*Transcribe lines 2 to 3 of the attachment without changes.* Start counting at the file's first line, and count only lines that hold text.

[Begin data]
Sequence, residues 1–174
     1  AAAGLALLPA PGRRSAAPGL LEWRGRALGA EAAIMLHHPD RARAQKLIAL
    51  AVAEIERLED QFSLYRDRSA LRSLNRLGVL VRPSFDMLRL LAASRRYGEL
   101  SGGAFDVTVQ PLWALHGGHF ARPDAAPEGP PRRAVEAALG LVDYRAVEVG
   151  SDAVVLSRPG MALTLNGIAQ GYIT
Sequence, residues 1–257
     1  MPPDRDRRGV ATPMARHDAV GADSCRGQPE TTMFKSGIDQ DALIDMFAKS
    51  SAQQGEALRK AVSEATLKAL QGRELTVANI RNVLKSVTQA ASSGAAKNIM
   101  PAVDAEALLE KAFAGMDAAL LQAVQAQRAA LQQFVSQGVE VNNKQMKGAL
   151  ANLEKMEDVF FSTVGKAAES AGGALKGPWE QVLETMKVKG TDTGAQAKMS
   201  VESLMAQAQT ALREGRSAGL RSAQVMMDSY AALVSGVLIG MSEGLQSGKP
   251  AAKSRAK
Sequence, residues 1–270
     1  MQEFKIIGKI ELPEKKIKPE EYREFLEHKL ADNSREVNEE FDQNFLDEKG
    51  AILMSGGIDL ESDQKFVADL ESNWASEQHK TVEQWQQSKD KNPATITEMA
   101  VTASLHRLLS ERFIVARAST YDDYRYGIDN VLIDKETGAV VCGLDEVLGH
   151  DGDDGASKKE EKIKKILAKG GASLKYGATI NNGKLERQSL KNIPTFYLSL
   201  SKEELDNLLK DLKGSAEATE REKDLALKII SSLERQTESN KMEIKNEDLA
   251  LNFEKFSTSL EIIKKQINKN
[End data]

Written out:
     1  AAAGLALLPA PGRRSAAPGL LEWRGRALGA EAAIMLHHPD RARAQKLIAL
    51  AVAEIERLED QFSLYRDRSA LRSLNRLGVL VRPSFDMLRL LAASRRYGEL